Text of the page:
EDITOR’S NOTE: We have only seen Pages 7-10 of the report, and cannot tell from them exactly what comprised the criteria on which the ratings were based. But for $500, we find it hard to believe that it was all that painstaking a study; or what kind of rating the PRPD would have received if it sprang for the $1,000 Tier Two study.

I just don’t understand these “alleged Black Hole of Calcutta-like working conditions.” Is the police station really that bad? Park Ridge is not exactly Crime Central. And I’d think in Chicago, for example, which truly is Crime Central, that police stations aren’t much better or more sophisticated.

I can’t help shake the feeling that Niles envy is at the root of all this. Why Niles needs such a flashy police station aside, would we really want one like that here? I personally like our small, low-key PD. It seems to reflect how relatively calm things are here compared to our big city neighbors.

EDITOR’S NOTE: Well, it supposedly is lousy with health-threatening mold, but that health threat isn’t even going to be addressed under the new “plan” until Phase III in two more years. And all those critical safety threats posed by no sally port have existed, without significant incident, since the cop shop was put in the basement of Butler Place in 1962. So go figure.

Anon 10:22

When a local PD either wants a new builing for its facility or an expansion, that means the current one is not adequate.

Now while most here probably agree that ot does need fixing, many here, (myself included) question the need for a bigger one, so I’m not saying that I support a new one but we can’t say let’s not build a new station because it doesn’t reflect on the town of PR itself.

EDITOR’S NOTE: For years we have been hearing the “What if?” horror stories about how prisoners will escape, or take hostages, or get injured and sue the City; how evidence will be jeopardized because of improper storage; etc., etc. But since 1962 – 50 years – none of that has happened.

You talk about “Niles Envy” and that may have been the case with elected officials at times (Frimark), but I simply do not buy that with people who actually work for the police department.

I find it very hard to believe that an officer who has to understand the people want to fight them for every penny in their contract would wnat to “overspend” on an oppulent and unnecessary police department.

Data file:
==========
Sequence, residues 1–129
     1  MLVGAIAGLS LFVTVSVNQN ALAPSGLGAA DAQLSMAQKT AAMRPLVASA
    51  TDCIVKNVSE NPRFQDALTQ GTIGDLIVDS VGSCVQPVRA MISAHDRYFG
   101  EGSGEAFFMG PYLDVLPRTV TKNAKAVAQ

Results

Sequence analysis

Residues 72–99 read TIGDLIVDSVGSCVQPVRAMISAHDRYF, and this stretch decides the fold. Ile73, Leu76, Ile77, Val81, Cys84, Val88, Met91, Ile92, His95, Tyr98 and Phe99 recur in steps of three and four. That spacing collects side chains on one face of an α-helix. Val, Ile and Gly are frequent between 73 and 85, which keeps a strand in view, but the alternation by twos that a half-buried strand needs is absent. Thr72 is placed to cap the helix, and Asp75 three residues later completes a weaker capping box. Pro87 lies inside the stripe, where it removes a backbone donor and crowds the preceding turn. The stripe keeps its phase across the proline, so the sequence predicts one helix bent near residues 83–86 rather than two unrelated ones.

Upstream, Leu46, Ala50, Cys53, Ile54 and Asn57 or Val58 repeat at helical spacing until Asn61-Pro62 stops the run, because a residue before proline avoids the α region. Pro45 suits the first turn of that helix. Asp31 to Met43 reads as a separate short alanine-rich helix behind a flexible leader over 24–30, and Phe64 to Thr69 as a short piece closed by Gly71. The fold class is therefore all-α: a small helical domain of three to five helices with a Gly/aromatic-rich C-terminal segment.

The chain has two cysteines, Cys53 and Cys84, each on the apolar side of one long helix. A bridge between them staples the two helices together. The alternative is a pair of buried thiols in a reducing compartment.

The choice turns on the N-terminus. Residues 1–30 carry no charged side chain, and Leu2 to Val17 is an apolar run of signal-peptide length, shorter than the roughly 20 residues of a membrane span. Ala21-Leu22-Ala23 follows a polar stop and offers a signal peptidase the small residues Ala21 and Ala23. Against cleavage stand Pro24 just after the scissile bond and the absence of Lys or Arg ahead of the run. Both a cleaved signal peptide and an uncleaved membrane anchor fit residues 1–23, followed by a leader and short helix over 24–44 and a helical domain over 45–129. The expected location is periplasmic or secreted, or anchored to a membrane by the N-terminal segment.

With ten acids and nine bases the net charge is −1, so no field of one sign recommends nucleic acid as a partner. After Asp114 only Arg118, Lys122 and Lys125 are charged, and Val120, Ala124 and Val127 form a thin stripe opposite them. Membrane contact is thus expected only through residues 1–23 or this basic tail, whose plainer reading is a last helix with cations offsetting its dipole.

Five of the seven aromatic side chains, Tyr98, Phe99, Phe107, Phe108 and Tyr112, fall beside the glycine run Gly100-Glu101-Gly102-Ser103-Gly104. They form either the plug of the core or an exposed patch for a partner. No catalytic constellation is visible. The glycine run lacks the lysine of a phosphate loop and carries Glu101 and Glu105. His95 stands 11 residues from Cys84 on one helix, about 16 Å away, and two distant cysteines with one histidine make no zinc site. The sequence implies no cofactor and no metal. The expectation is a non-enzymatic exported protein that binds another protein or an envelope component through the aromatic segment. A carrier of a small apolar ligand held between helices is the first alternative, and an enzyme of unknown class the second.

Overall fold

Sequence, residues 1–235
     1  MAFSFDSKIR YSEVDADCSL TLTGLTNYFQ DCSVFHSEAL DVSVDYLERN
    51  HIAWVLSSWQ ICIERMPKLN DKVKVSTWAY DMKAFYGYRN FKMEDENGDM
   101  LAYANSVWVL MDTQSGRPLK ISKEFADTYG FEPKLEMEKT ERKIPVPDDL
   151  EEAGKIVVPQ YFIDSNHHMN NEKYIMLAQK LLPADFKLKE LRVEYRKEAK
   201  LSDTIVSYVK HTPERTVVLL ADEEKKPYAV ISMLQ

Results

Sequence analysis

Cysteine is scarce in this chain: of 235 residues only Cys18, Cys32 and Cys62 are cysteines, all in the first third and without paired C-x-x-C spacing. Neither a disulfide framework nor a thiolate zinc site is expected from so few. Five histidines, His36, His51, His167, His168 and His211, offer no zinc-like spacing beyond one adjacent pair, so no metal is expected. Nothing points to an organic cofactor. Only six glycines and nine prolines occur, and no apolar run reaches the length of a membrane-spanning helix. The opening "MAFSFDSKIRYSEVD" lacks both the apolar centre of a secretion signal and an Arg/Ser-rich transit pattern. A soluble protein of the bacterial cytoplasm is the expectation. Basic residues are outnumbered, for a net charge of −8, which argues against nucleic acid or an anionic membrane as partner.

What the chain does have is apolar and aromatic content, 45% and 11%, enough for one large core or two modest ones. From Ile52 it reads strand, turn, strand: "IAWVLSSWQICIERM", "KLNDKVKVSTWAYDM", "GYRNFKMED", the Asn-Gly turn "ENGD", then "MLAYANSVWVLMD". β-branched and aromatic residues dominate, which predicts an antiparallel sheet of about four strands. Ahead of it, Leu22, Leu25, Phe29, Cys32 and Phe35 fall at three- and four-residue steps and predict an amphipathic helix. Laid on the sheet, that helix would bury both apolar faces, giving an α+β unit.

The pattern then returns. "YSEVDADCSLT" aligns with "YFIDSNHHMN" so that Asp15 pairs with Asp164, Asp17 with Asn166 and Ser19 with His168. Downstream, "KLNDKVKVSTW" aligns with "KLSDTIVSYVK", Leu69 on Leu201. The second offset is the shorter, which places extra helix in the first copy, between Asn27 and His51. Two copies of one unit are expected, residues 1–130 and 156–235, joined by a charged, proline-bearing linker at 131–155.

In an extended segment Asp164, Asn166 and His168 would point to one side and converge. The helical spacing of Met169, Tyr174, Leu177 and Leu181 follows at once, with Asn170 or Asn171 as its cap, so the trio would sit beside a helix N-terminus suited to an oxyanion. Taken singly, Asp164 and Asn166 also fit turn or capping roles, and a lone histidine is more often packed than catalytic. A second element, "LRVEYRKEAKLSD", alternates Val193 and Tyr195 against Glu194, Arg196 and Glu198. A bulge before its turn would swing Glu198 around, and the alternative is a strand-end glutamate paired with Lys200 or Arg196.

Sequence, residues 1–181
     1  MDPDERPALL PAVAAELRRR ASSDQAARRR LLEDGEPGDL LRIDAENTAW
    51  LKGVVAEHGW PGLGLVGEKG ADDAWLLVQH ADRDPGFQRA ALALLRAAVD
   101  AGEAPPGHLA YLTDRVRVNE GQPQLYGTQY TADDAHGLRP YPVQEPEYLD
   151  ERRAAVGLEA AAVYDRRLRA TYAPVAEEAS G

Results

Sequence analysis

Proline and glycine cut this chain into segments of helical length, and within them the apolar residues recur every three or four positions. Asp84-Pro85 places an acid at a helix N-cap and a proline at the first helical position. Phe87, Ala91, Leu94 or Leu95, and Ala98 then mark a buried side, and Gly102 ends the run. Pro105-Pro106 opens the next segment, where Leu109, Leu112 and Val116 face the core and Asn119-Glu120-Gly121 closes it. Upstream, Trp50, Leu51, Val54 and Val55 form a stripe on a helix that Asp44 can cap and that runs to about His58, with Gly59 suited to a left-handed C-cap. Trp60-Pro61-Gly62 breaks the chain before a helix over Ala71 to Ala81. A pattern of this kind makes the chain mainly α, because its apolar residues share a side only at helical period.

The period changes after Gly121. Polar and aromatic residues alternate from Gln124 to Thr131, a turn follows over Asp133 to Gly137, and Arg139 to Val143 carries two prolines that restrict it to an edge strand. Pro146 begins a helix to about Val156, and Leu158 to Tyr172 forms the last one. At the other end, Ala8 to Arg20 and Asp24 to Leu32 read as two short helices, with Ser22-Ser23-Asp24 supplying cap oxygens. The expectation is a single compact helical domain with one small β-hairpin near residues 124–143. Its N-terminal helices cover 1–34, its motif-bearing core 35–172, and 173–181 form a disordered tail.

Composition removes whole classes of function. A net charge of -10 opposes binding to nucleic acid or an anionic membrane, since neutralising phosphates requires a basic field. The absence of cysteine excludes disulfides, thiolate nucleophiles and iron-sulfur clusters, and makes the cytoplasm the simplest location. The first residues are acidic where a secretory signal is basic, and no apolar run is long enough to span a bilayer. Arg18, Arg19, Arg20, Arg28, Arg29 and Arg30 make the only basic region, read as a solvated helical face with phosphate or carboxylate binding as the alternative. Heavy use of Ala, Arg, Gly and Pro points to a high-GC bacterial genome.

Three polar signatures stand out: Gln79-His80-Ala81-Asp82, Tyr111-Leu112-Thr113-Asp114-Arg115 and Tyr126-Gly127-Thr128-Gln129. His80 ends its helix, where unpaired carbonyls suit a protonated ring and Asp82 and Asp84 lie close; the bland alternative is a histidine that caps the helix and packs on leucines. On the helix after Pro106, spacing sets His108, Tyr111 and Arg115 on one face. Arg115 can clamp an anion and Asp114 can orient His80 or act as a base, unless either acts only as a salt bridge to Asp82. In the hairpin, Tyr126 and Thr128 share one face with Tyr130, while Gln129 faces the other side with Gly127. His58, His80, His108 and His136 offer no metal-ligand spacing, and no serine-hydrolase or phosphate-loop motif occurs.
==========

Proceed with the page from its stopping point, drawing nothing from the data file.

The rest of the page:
EDITOR’S NOTE: 4 years ago Frimark and his alderpuppets did indeed want to “overspend” on a new police station, even if it wasn’t necessarily going to be an “opulent” one. And we don’t recall any police personnel back then objecting to it. Just like the average worker normally doesn’t object to his employer moving to newer, more spacious offices UNLESS that same employer expressly states that the cost of the new digs is coming out of the employees’ checks, police personnel think they can have both: a new (or at least expanded and renovated) cop shop AND more money in their envelopes.

For example, is a sally port a good thing? Sure. But apparently for the past 50 years there has been no incident with arrestee/prisoner processing that went awry because there is no sally port. So whether it’s a necessity is still a very open question to us. And maybe also to the taxpayers, which is why they voted against a new cop shop (with sally port) 4 years ago.

The analogy to private sector offices is about right. Everybody likes shiny and new v. old and worn, but most people that I know whouldn’t go for shiny and new if they could see that it was coming directly out of their paychecks.

I remember you referring to former ald. Allegretti as “Chicken Little” because during the new police station debate he was always talking about how arrestees were going to get hurt and sue the city, but I don’t think it ever happened even once.

EDITOR’S NOTE: That’s been our experience.

Frimark got the police all worked up to the point that they really believed he was going to get them a brand-new police station. He also sent an officer to stop someone from collecting petition signatures against the new police station outside of Oberweis. Anyone remember all that?

We simply can’t afford a new police station. It’s just plain math. We can’t afford it. This isn’t even close to one of those cases where some say, “Well, we can’t afford NOT to do it.”

If the city council can find a way to afford, by cutting elsewhere in the budget, some improvements to the existing facility, we should all listen.

EDITOR’S NOTE: Settle down, FWT, nobody’s suggesting a new police station. But the real question is whether spending $1.2-1.3 million over three years for “improvements” to the current cop shop a sound use of that money – especially when the allegedly greatest danger presented by the current condition of the cop shop (the mold) is being put off until Phase II or Phase III?

The Council voted 6-1 last night to approve Phase I of the police station renovation. Looks like they didn’t buy PW’s arguments, even though the aldermen barely asked any questions. Mayor Schmidt made some very good points about whether this is the best use of $290,000 and all the other alternative space at City Hall and the public works center. But Chief Kaminkski just kept talking in circles about how nothing else will do and nobody else even challenged him. Must have been the badge. 🙂

EDITOR’S NOTE: Talking in circles has proven to make at least a couple of the current aldermen dizzy enough to vote for almost anything – even spending $300,000+ for some half-baked solutions to manufactured “problems” that create no realistic risk of any significant consequences. Just be thankful we don’t have much real crime in Park Ridge, otherwise they’d be spending $30-40 million on something that would make Niles envious.